What's happening now

Formerly the home of Beaumont-Wilshire Neighbors for Responsible Growth, the Portland Land Matters blog explores citywide land-use concerns, such as home demolitions, with the belief that development should create an improvement.

Thursday, March 21, 2013

We stand with our Southeast neighbors

Wow. I grimaced when it became clear the sidewalk-closure permit for the proposed project for our neighborhood had been fast-tracked without satisfying a critical required step—and still feel aggrieved it hasn't been corrected. Then I winced when I saw in the news that the folks at the Bureau of the Development Services had to be convinced of the state Land Use Board of Appeals' authority in revoking the permit for Southeast 37th and Division. Now, however, something's really starting to smell with the backroom deal to expedite a permit to renew construction at that controversial Richmond site, intended home of yet another mondo-project without space for all its tenants' possessions.

Yesterday's sneaky deal made Richmond's scheduled meeting for community input for next month moot, so where once neighbors (the original stakeholders, with the most to lose) thought they had a chair at the table the door was slammed in their face.

Who, in city hall or government, wants as their legacy these exploitive buildings? Without LEED features, a size scaled to fit the neighborhood, or interesting architecture, they contribute nothing to their environs and in return deliver a wallop of impact in terms of increased traffic, pedestrian risk, slowed emergency response times, and near-permanent use of on-street parking, already well-used by thriving local businesses.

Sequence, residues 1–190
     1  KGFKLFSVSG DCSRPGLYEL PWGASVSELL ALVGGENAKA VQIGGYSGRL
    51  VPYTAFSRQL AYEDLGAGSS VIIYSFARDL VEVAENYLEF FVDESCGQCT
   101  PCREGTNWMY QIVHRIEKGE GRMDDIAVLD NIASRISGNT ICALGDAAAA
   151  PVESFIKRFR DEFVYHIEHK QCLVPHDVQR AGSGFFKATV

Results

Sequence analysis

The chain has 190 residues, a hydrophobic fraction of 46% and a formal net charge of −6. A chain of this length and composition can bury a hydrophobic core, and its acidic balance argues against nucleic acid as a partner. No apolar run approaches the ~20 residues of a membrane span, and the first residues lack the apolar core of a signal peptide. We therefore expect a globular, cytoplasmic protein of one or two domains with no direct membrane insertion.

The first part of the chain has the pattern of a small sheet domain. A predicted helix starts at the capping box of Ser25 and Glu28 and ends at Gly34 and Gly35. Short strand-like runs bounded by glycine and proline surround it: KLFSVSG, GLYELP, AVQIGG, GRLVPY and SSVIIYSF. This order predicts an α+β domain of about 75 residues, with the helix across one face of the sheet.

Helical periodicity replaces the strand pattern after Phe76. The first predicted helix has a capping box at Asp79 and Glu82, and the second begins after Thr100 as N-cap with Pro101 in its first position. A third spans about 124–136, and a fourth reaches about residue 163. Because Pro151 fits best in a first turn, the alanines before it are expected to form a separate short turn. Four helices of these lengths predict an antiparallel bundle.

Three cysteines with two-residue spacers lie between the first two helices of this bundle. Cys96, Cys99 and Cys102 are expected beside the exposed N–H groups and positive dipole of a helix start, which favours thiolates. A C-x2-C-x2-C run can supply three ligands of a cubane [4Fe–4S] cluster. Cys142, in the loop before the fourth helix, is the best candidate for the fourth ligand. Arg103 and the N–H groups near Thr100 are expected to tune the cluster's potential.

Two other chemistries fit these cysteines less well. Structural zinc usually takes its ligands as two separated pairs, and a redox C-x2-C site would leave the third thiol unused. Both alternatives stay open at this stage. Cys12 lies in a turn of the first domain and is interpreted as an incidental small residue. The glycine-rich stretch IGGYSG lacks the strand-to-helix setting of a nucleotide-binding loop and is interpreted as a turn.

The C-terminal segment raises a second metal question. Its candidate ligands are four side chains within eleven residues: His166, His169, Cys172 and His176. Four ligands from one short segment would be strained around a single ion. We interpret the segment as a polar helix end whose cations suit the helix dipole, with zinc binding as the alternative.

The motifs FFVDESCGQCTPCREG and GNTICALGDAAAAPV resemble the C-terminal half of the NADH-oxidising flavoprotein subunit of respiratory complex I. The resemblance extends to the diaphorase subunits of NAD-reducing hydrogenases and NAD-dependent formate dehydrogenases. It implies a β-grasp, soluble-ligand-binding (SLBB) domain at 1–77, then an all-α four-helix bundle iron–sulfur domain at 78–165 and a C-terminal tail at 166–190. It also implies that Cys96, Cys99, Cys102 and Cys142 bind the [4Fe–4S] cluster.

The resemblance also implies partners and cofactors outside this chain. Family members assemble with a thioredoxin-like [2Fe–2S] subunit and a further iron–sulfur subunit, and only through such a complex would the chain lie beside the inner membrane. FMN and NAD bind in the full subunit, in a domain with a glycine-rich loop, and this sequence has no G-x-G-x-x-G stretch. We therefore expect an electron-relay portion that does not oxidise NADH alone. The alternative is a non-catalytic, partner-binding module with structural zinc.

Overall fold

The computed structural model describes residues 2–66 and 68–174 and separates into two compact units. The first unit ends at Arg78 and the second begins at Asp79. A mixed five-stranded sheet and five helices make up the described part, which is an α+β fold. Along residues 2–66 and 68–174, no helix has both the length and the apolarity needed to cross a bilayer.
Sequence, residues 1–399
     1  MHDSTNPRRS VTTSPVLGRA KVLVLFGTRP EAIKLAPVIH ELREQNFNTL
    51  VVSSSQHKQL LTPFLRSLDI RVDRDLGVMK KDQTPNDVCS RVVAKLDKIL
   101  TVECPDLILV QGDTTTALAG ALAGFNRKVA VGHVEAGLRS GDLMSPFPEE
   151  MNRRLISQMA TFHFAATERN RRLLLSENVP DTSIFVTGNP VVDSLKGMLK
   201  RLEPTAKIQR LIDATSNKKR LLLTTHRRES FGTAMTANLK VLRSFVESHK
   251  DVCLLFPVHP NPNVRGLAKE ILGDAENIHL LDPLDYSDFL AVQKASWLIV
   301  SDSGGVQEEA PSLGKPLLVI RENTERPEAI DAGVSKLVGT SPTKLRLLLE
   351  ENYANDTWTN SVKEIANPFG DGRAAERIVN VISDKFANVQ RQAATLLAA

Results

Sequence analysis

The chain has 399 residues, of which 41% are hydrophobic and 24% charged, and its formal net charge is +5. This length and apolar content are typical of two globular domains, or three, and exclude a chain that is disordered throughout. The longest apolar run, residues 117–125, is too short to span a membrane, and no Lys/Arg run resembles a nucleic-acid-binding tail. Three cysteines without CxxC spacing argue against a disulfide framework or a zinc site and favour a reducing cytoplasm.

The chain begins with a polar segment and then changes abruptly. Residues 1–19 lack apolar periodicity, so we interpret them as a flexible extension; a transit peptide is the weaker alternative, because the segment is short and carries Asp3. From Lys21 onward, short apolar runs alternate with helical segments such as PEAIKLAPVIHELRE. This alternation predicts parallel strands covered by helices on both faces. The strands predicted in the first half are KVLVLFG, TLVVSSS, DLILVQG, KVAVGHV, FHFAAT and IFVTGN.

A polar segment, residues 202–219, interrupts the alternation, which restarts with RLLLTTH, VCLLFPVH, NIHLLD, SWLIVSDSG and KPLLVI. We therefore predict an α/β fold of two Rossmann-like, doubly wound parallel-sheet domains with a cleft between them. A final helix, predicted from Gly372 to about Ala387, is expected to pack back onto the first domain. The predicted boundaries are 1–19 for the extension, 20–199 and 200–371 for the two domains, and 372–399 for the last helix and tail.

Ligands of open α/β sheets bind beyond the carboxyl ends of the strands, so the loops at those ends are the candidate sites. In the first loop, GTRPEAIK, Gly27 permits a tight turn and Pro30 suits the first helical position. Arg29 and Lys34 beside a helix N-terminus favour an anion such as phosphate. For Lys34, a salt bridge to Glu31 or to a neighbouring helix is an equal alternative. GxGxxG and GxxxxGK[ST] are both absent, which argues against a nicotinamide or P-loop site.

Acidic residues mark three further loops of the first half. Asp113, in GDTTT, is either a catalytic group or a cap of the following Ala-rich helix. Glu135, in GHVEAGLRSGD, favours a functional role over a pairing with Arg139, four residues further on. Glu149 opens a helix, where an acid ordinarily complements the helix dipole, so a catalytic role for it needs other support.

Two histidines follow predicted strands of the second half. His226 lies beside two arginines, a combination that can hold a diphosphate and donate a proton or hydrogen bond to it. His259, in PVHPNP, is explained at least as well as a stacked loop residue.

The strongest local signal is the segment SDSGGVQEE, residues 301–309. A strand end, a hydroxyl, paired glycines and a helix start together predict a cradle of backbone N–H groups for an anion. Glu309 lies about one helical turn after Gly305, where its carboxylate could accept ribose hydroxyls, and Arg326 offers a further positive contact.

When the Bureau of Development Services sees fit to follow its own processes and correct its mistakes is when I'll believe city government's working. Such special favors to certain developers erode taxpayers' faith in the system. It also makes it hard for the upstanding ones to fairly participate.

"Selective" enforcement—as well as expedited permits for certain people—breeds a disregard for the law by both would-be developers and officials. It begins with rationalization and/or laxity and can become corruption.

We look forward to details on the Richmond deal, and a course correction at the Bureau of Development Services.

UPDATE: Per this O post, Mayor Hales has stepped in to stop BDS from reviewing revisions for the Richmond project. Hopefully the reporters will dig for the rest of the story.

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